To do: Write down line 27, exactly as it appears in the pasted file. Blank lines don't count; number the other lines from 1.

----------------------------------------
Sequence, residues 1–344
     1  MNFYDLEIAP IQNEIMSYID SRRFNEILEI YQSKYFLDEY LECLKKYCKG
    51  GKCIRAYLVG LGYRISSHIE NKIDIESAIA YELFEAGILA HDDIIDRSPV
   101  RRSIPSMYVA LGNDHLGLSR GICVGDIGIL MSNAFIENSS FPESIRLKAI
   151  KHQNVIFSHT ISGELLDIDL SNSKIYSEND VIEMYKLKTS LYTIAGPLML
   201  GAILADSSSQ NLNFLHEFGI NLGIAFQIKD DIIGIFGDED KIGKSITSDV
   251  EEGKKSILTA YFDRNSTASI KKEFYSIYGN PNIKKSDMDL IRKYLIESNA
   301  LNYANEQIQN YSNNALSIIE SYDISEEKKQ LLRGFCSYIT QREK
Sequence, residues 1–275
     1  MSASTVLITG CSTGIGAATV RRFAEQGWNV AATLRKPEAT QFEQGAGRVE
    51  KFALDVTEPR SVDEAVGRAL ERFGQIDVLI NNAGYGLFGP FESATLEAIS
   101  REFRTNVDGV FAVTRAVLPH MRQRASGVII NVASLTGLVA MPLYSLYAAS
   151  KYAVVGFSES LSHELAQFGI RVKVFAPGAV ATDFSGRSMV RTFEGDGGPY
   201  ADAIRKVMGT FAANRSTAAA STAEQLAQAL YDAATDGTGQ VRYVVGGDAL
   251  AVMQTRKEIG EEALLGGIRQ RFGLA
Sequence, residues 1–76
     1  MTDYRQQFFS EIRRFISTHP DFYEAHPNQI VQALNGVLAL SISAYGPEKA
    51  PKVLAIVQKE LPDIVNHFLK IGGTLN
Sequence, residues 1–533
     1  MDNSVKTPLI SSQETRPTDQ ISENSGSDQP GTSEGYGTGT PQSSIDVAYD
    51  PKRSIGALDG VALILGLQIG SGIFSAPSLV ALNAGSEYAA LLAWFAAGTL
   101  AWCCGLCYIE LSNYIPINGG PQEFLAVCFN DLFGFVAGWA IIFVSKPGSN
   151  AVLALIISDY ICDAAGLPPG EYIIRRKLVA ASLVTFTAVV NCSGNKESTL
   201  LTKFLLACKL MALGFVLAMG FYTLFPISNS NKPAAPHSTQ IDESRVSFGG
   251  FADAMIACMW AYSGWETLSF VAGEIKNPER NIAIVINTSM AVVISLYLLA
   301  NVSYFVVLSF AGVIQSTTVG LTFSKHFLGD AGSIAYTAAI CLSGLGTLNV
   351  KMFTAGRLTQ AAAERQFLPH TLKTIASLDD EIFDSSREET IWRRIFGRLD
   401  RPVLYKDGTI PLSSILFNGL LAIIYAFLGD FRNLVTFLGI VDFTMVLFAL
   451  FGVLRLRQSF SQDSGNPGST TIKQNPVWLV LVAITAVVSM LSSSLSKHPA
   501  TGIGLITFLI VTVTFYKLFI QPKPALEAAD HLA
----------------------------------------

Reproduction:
   351  KMFTAGRLTQ AAAERQFLPH TLKTIASLDD EIFDSSREET IWRRIFGRLD